Roush Review: Boo to Taboo

Matt Roush
Robert Viglasky/FX

TABOO -- "Episode 1" (Airs Tuesday, January 10, 10:00 pm/ep) -- Pictured: Tom Hardy as James Keziah Delaney.

Taboo is not so much a show as it is an ordeal, a slog through a miasma of squalid period clichés that’s possibly even less inviting than last season’s FX vanity production, The Bastard Executioner. While it’s understandable that any network might jump at the chance to work with star Tom Hardy (Mad Max: Fury Road), who created the series with producer/writer Steven Knight (Netflix’s cult favorite Peaky Blinders), it’s less clear why this atmospheric but uninspired revenge melodrama needed to be told.

As James Keziah Delaney, described as “an adventurer of very poor repute,” Hardy glowers and swaggers in a quickly tiresome one-note performance of grunting, feverish rage from his mythic entrance. He’s first seen sailing home to 1814 London after years in the African wilds, where he was presumed dead. Bedecked with tribal tattoos, trailing rumors of unnatural acts including cannibalism, Delaney is greeted at his father’s funeral with the shocked query: “Has Hell opened up?”

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No, that may just be the jaded audience, yawning at another sordid and violent refugee from Mess-terpiece Theatre. Like a character from Dickens’ slush pile, Delaney has returned to claim his family inheritance, a piece of strategically located property off the coast of Vancouver, which is coveted by the all-powerful East India Trading Company. Naturally, its vile leader, Sir Stuart Strange (Game of Thrones’ Jonathan Pryce, doing his best Mr. Burns imitation), wants Delaney dead. And apparently vice versa.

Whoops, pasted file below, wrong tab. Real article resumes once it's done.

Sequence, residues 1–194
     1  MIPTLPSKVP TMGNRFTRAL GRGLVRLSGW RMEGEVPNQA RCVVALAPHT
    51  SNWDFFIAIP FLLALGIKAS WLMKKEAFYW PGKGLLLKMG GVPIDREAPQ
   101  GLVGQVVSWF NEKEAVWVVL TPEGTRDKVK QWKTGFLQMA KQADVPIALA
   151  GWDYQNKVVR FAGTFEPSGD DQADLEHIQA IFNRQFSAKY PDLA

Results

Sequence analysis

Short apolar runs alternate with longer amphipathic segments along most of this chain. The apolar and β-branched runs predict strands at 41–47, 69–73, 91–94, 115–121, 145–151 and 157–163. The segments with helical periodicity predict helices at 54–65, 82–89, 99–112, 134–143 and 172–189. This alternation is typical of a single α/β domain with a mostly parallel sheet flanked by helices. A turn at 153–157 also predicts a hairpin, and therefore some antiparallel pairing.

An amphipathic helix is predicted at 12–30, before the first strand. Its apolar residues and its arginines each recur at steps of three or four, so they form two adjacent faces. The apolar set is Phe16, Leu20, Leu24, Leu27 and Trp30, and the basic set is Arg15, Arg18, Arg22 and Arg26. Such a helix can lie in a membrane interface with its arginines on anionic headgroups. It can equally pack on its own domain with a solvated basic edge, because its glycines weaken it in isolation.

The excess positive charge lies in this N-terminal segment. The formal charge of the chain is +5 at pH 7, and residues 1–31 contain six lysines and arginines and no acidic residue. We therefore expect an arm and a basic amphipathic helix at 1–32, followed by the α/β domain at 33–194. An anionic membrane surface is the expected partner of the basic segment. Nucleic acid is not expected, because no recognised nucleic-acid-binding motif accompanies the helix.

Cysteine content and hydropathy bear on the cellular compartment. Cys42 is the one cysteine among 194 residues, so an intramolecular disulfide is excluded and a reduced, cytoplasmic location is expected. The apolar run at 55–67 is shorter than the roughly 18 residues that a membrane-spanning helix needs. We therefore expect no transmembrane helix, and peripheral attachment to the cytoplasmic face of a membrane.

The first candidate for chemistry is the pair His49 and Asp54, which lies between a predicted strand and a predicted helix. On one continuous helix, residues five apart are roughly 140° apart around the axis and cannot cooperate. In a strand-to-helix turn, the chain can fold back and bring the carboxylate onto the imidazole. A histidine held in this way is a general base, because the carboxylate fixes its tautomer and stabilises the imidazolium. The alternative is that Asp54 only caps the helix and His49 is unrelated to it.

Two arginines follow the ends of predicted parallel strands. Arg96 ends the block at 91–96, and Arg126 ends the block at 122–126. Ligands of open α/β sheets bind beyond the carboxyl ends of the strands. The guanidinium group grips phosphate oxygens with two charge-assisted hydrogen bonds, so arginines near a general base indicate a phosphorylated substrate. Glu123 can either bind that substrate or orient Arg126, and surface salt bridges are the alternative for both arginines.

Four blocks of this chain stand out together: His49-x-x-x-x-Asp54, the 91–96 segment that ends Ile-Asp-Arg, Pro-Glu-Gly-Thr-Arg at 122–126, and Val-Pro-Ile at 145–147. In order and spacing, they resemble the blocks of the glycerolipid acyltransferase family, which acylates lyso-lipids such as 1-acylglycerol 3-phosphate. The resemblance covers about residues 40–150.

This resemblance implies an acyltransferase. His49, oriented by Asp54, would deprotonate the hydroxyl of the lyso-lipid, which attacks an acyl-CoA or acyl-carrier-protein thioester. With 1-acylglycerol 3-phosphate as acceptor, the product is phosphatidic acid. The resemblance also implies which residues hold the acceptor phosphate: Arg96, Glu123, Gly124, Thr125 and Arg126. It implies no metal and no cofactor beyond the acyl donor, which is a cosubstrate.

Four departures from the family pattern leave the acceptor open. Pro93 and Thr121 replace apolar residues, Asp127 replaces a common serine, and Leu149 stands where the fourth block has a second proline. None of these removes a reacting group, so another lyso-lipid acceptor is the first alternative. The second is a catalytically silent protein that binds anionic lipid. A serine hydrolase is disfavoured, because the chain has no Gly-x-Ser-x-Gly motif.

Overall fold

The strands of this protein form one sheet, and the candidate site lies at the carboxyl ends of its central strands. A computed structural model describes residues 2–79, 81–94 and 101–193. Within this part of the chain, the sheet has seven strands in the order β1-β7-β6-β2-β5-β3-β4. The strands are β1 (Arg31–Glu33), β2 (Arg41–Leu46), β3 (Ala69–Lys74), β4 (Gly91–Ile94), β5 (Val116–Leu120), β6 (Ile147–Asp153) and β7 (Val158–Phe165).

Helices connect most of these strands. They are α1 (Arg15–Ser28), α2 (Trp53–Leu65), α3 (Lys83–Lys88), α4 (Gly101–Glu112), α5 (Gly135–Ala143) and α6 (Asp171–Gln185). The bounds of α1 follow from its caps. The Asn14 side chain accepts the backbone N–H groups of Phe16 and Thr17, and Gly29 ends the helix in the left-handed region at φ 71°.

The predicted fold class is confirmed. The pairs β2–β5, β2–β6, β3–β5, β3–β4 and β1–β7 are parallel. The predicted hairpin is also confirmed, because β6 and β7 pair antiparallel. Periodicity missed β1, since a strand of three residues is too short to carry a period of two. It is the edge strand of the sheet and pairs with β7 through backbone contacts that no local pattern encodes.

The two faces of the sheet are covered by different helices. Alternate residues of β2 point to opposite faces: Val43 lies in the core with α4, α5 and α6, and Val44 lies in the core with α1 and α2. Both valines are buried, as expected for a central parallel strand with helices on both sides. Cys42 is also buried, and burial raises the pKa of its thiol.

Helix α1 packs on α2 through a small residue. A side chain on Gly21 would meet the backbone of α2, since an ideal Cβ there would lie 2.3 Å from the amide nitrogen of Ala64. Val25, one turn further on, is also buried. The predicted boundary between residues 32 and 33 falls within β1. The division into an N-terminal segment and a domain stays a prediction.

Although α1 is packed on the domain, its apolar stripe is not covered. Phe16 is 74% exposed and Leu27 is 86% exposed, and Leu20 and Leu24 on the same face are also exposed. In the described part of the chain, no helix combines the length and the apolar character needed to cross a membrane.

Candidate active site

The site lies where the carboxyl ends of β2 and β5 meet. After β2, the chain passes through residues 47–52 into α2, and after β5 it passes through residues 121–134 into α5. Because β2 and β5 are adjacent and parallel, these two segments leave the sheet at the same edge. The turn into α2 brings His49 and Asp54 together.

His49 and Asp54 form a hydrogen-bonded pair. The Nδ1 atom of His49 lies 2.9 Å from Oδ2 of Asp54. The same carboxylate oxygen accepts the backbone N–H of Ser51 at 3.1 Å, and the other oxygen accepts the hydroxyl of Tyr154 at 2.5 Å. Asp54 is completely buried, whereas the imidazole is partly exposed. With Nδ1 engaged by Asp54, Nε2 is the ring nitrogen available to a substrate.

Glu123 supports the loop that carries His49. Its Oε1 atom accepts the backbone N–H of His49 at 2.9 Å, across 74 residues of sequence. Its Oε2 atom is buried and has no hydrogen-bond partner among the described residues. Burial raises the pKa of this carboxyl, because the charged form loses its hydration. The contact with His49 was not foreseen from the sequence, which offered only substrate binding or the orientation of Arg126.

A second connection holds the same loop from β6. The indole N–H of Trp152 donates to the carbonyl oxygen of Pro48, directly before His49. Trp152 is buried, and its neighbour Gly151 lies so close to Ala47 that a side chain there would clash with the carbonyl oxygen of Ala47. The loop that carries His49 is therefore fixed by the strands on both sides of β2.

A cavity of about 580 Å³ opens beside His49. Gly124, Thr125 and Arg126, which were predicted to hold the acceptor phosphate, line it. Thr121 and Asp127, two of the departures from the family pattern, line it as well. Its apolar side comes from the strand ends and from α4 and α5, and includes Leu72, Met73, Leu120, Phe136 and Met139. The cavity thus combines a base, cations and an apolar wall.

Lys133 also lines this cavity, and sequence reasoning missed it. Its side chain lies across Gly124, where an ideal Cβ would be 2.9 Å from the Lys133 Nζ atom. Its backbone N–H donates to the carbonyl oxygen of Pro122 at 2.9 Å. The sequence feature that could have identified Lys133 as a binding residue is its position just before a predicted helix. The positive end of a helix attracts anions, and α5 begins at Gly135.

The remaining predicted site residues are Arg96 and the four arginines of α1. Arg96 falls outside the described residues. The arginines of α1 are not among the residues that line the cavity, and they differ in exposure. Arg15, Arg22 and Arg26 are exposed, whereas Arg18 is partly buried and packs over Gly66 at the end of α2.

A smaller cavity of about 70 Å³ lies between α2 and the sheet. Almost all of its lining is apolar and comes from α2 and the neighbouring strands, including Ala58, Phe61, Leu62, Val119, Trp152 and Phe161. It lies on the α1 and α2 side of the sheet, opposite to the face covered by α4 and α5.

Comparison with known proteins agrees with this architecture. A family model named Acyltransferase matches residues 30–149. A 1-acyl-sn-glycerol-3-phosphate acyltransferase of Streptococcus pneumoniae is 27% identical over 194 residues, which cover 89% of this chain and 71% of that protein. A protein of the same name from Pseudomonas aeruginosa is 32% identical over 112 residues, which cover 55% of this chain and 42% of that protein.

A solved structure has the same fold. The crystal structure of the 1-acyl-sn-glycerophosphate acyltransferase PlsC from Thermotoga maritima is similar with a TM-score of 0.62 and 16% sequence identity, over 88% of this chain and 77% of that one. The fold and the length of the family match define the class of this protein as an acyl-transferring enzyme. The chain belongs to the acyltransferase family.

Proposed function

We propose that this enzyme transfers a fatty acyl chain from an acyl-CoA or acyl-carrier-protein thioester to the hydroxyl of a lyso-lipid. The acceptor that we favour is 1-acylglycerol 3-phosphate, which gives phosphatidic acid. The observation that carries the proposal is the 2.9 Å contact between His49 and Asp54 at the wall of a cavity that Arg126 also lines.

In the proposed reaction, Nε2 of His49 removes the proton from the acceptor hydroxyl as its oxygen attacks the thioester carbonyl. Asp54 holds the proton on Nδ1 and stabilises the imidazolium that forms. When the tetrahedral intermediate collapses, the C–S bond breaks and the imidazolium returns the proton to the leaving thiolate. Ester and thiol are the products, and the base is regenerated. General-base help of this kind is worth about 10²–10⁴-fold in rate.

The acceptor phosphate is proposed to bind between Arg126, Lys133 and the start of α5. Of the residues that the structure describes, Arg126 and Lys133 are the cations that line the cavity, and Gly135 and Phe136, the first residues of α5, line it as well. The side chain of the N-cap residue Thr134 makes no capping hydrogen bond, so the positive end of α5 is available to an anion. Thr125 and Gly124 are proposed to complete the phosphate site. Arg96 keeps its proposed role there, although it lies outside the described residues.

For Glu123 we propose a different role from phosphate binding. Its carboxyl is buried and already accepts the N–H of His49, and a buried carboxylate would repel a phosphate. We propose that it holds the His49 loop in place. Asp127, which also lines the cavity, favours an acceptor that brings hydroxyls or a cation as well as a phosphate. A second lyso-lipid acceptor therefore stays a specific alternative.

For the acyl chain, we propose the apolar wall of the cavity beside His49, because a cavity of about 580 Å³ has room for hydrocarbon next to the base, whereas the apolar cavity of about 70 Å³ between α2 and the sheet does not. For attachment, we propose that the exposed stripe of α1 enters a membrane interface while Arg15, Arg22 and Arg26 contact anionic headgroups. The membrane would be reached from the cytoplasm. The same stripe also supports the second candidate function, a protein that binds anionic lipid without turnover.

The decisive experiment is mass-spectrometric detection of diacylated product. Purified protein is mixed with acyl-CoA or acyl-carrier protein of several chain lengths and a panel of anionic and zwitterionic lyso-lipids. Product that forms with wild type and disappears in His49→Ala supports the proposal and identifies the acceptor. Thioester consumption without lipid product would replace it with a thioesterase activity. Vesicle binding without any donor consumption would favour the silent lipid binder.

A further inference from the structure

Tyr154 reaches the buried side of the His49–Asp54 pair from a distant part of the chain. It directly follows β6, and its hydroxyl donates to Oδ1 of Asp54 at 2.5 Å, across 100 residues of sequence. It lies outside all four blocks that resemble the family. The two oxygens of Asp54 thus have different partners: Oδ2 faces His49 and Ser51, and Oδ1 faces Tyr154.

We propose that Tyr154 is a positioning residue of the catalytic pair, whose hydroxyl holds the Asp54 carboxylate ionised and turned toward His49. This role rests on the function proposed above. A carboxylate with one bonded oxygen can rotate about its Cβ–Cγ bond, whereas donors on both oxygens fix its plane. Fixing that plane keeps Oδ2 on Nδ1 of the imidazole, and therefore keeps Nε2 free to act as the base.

Let the skullduggery begin, with assassins lurking around every dank corner as Delaney recruits allies from London’s underground, with grizzled visages and rotten teeth as apparent requirements. We know he’s haunted by tragedy, thanks to recurring surreal flashbacks of ghoulish tribal rituals and a calamity aboard a slave ship, but his real obstacle to success may be his lust for half-sibling Zilpha (Oona Chaplin). Quasi-incest is just one of many societal taboos Delaney toys with, this snarling beast among despicable “gentlemen” of what passes for society.

“You take pain like a stone,” a doctor (House of Cards’ Michael Kelly) tells him while stitching up a particularly gruesome wound. Good for Delaney, I guess, but do we really need this dreary wallow in misery?

During a time when the tonnage of new TV could overwhelm anyone, this series commits the ultimate taboo: being as uninteresting as it is unpleasant.

Taboo, Premieres Tuesday, January 10, 10/9c, FX